“Life is so good. You have many wonderful opportunities ahead of you, and you have it in your hands to make the future, whatever you want it to be” -Devin Durrant
Devin Durrant is the owner of multiple real estate–centric companies. After succeeding as a consensus All-American at Brigham Young University and a two-time Academic All-American, he played for the Indiana Pacers. As an elite athlete, Devin learned how important values were for team and individual success. In real estate, Devin’s work and philosophy centers around adding value to his employees and properties. An inspirational public speaker, Devin has spoken around the world for over 40 years.
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Devin Durrant is the owner of multiple real estate centric companies. After succeeding as a Consensus All American at Brigham Young university. And a two time academic All-American he played for the Indiana Pacers. As an elite athlete, Devin learned how important values were for team and individual success in real estate Devin's work and philosophy [00:02:00] centers around adding value to his employees and properties.
An inspirational public speaker, Devin has spoken around the world for over 40 years.
Welcome to the Deep Wealth Podcast, and really excited because today we have an author, thought leader, a fellow business owner, even an elite athlete. At one point in time, we have it all, but I'm gonna stop right there. Devin, welcome to the Deep Wealth Podcast.
An absolute pleasure to have you with us. And Devin, there's always a story behind the story. What's your story, Devin? What got you to where you are today?
[00:02:34] Devin Durrant: Well, Thank you, Jeffrey. I look forward to visiting with you today and sharing with your listeners. My story is I grew up loving the game of basketball and I was fortunate to have some wonderful coaches, wonderful teammates through my younger years and into college and for a brief time in the NBA.
But the day came when I was faced with reality where I had to get a real job and [00:03:00] had to leave basketball behind. But I realized that some of the things, the values that I had embraced as an athlete that helped me be successful in that world, translated to the business world. I used that basis to try to find success in investment in real estate primarily.
But over time I realized, yes, it's important to add value to assets to physical assets to property.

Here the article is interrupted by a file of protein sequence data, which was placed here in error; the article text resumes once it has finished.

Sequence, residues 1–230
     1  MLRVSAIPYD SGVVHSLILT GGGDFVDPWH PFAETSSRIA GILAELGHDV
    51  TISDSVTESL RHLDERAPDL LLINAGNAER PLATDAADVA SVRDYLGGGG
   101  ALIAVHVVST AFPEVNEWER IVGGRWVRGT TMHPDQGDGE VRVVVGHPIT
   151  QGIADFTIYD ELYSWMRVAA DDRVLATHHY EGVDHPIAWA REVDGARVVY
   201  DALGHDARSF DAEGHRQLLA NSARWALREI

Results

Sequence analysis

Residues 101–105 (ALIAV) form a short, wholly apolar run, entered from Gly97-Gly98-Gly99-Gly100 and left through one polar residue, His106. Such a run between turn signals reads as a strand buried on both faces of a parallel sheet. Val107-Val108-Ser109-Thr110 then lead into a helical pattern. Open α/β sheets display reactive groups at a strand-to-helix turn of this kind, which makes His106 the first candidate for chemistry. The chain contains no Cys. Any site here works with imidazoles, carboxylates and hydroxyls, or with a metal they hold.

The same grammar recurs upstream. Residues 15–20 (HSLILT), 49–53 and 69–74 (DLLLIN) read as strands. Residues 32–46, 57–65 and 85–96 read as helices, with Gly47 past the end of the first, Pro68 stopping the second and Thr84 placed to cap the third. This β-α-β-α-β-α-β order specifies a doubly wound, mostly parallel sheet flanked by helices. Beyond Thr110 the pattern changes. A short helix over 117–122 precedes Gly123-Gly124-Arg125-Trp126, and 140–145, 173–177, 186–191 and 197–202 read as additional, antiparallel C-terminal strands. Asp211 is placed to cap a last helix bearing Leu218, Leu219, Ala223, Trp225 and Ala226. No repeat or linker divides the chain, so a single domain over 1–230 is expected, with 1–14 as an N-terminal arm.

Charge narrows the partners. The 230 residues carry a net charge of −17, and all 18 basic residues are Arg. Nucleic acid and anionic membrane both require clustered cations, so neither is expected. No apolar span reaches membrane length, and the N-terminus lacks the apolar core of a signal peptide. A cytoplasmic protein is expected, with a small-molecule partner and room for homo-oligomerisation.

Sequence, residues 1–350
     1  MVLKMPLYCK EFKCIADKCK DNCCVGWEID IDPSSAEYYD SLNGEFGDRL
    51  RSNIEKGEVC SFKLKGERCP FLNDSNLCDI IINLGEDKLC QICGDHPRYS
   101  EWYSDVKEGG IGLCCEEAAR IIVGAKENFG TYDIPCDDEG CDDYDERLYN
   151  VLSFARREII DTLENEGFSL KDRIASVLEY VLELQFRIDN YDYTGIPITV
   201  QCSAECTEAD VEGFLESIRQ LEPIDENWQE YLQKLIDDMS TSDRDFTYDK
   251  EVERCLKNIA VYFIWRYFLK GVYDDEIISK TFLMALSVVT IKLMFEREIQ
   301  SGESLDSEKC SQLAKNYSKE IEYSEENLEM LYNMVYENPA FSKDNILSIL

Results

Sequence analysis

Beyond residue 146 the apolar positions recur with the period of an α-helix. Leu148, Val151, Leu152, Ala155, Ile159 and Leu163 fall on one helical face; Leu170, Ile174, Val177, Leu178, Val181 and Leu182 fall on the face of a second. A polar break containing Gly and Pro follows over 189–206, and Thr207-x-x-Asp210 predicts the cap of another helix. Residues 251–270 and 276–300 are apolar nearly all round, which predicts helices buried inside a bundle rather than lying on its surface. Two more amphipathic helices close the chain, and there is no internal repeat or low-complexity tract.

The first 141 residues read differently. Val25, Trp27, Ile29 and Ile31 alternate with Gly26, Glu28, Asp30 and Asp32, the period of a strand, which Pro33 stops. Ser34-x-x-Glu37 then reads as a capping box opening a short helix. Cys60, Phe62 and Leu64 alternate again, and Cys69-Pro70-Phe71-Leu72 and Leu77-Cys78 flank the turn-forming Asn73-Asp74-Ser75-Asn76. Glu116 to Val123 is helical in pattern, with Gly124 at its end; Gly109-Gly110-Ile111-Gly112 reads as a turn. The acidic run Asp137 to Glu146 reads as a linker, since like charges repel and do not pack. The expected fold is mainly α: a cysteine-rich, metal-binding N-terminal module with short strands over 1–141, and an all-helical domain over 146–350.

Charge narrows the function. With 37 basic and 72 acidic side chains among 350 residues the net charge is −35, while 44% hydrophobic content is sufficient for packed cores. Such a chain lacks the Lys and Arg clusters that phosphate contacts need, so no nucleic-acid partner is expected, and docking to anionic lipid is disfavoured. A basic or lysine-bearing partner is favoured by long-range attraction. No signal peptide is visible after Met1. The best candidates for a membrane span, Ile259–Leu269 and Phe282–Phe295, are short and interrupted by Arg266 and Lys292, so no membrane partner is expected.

That was a path to success. But I realized more important than that is how could I add value to other human beings? How could I help them make a positive difference in not only their personal life but their professional life?
And I've come to the conclusion that as we focus on our values and those things that are most meaningful in our lives.
Find greater happiness and greater meaning in life. And also enjoy the benefits of that come out on the bottom line. That's a brief summary of where I've come from.
[00:03:52] Jeffrey Feldberg: That's terrific. And Devin, I have a question for you because on the podcast we've been very fortunate. We've had athletes, we've [00:04:00] had coaches who cross really the spectrum of different sports who have all come on that are now in the business world. Everyone has a little bit of a different take.
But for our listeners, whether they have children, they're wondering, should I put them into sports or looking to hire someone who comes from the sporting world? What did you find, Devin? So, if you went from the sports arena to the business arena, what did you take from the sports arena that gave you that competitive edge on the business side of things?
[00:04:26] Devin Durrant: The first word that comes to mind is resiliency.
[00:04:29] Jeffrey Feldberg: Oh, our favorite word here?
[00:04:31] Devin Durrant: You take some hard knocks. There's good times, there's bad times, but you have to be able to bounce back quickly if the coach gives you a good stern talking too.
[00:04:41] Jeffrey Feldberg: Yes.
[00:04:41] Devin Durrant: You can't soak. You can't put your head down. You've gotta bounce back and respond in a positive way. In the business world, you're gonna have some struggles. Things will be difficult at times, but again, you have to keep fighting, bounce back and embrace that value of resiliency.
[00:04:58] Jeffrey Feldberg: And so from the sports [00:05:00] arena into the business arena and now into the world of books. You authored a book, The Values Delta, and for our listeners, we'll have in the show notes as we always do, we'll have links there, so you can point and click. It doesn't get any easier than that, and I really encourage you to go out and pick a copy of Devin's book, the values Delta, but big picture wise, and we'll go into this more Devin.
For our listeners who are gonna be looking at your book, The Values Delta: A Small & Simple Way to Make a Positive Difference in Your Personal & Professional Life. What's going on with the book? What's big picture wise happening with that?
[00:05:36] Devin Durrant: The book is generally speaking it's hopefully a motivational tool for people who are looking for an added burst of energy in their life.
[00:05:46] Jeffrey Feldberg: Oh, I love that. Ah-huh.
[00:05:48] Devin Durrant: How can I take the next step? How can I find even in small and simple ways I wanna make a positive difference? And the book is a series of stories that highlight my priority [00:06:00] values as a model for them as they discover what their priority values are, what they value the most, and how they might, through a focus on a value, impact some of the things that are most meaningful in their lives.